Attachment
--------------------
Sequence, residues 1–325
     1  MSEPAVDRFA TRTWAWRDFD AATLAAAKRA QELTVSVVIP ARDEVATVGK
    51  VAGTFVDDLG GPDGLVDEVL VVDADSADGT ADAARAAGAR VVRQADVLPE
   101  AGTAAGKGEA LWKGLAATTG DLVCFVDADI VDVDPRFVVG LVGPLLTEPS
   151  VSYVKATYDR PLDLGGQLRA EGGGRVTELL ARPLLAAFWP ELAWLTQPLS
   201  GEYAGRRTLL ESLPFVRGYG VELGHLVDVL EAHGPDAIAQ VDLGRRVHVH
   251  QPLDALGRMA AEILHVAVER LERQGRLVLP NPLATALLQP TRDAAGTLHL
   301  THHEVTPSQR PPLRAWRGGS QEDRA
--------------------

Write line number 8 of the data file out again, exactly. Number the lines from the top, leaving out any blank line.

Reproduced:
   301  THHEVTPSQR PPLRAWRGGS QEDRA